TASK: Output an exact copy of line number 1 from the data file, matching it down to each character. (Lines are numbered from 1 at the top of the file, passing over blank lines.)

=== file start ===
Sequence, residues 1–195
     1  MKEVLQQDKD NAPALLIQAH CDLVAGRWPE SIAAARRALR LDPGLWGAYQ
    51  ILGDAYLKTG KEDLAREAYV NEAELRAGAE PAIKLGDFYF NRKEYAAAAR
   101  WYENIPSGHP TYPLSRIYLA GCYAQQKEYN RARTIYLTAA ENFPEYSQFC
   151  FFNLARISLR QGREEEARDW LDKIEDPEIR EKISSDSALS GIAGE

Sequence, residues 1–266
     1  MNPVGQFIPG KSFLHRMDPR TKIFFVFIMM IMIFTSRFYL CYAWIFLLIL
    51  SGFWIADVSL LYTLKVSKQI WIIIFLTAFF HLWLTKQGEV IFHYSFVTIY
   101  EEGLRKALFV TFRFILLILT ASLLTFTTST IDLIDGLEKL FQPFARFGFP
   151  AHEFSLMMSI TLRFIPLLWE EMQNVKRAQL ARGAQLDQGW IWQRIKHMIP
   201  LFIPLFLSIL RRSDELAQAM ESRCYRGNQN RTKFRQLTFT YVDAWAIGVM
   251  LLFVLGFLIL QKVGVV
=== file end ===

Sequence, residues 1–195